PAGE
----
The word ‘value’ is bandied about in relation to drugs on a daily basis. It is both a noun and a verb and denotes ‘the regard that something is held to deserve: the importance, worth or usefulness of something’ as a noun, and to ‘estimate monetary worth’ as a verb, according to the Oxford English Dictionary.
However, the tricky part is going from definitions to applications, as shown by the plethora of value assessment frameworks that have emerged to explore the value of new cancer drugs.
Cancer is the most dreaded disease in the US, which explains the great interest in tackling it. It is also where there are big bucks are spent. According to the IQVIA Institute, some $113 billion were spent on cancer treatments globally in 2016.
Spend is fuelled not only by new treatment options increasing volume, but by price increases too. One estimate is that price increases averaged 12% each year from 1996 to 2014. Spend will increase as well, with growth rates of 6-9% a year expected to 2021. Plus, there’s a healthy pipeline.
The biggest spender is the US, where prices for an individual drug can be as high as $400,000. The pricing debate has reached the point where the buzzwords ‘financial toxicity’ are even used by the President’s Cancer Panel.
So it is no surprise that the US has three value assessment frameworks specifically for cancer drugs. The not-for-profit Institute for Clinical and Economic Review (ICER) also has one that is not specifically designed for cancer drugs, but it has been applied to cancer treatments.
The common theme is that there is a need to improve the way that decisions are made about which new cancer treatments are valuable, and just how valuable they are. Some aim to inform a decision made by the patient and clinician, while others focus on the payer and policy maker.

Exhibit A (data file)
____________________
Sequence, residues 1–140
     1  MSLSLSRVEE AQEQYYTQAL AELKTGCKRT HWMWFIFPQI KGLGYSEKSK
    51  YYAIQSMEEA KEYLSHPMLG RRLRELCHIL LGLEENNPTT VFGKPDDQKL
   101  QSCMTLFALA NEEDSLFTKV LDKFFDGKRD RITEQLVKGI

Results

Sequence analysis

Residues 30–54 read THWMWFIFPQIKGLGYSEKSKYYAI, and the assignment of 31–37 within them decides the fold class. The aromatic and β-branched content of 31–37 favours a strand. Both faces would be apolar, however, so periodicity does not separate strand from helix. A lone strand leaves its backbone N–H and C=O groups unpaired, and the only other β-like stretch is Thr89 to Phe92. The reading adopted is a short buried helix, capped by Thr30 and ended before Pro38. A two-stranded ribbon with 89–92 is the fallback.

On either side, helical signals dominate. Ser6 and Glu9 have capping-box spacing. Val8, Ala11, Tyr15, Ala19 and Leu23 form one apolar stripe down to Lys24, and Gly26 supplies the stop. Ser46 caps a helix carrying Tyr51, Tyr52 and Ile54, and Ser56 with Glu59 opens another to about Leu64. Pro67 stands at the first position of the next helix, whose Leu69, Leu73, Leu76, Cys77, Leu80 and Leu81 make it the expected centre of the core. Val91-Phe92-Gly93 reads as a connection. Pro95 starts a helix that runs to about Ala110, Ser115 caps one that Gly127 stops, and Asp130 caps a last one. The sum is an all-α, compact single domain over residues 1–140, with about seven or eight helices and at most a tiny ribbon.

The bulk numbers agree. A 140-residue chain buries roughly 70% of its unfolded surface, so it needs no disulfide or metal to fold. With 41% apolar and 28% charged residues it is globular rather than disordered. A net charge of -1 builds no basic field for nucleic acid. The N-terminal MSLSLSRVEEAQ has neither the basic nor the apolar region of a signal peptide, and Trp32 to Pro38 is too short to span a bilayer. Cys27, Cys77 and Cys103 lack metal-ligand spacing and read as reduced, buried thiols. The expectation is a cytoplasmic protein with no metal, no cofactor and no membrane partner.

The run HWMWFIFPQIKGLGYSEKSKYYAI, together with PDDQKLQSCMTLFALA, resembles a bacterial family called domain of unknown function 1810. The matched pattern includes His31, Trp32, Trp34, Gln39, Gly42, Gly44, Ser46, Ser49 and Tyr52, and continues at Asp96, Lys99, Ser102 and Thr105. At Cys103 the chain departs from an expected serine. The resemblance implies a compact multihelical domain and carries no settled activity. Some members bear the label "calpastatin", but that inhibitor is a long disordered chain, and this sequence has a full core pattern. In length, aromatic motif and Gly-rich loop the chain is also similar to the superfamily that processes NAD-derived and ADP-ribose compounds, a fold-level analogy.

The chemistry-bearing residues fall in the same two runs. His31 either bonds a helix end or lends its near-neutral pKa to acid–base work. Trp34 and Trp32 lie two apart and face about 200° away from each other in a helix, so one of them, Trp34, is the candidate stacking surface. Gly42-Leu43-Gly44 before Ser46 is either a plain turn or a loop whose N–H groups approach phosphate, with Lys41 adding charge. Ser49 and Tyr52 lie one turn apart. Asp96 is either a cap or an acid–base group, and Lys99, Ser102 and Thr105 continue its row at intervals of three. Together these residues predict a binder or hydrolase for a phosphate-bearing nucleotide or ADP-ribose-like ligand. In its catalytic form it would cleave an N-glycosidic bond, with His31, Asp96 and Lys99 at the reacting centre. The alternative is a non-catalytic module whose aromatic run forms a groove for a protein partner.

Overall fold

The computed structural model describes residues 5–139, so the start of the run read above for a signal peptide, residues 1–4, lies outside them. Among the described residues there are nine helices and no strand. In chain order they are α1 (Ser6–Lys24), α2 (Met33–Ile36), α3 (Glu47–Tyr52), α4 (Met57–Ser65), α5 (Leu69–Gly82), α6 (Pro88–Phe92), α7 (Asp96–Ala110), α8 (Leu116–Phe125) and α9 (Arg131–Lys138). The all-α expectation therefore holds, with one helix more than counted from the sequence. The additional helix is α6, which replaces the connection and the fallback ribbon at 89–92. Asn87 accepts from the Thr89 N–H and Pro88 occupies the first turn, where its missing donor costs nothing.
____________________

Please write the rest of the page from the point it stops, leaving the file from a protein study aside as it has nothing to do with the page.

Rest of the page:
Value assessment frameworks in cancer have been developed by: the American Society of Clinical Oncology (ASCO); the National Comprehensive Cancer Network (NCCN), and the Memorial Sloan Kettering Cancer Centre (MSKCC). All were launched in 2015. As would be expected, there are similarities in what they examine, but there are differences too (Table 1).
|Value Item||ASCO value framework||NCCN Evidence Blocks||MSKCC Drug Abacus||ICER value framework|
|Efficacy (OS, PFS, response rate)||✓||✓||✓||✓|
|Level of evidence||✗||✓||✓||✗|
Source: Adapted from Stein, B. Value Frameworks in HTA, Presentation at 2017 CADTH Symposium Measuring Value in Theory and the Real World.
OS = overall survival, PFS = progression free survival, QoL = quality of life
Unsurprisingly the frameworks have generated much debate, prompting industry and others to offer up their own principles. The US industry association, PhRMA put forward its principles in 2016.
There is also a rich seam of research comparing and contrasting the value frameworks. These comparisons seem to be as varied as the value assessment frameworks themselves, with scope to emphasise particular issues depending on the method used (Table 1 is adapted from a patient group perspective). There are many suggestions for improvements, as demonstrated by a special issue of Value in Healthon US value assessment frameworks.
It is a debate worth having, too; there is much at stake for patients and their carers, doctors who have the conversations with patients about treatment options, for those having to manage the limited pot of healthcare money and, of course, industry. Arguably it’s also about the general public, given the dread of cancer; if people aren’t already affected by cancer, they are likely to in the future, be that as a patient or with a diagnosis of cancer for a loved one.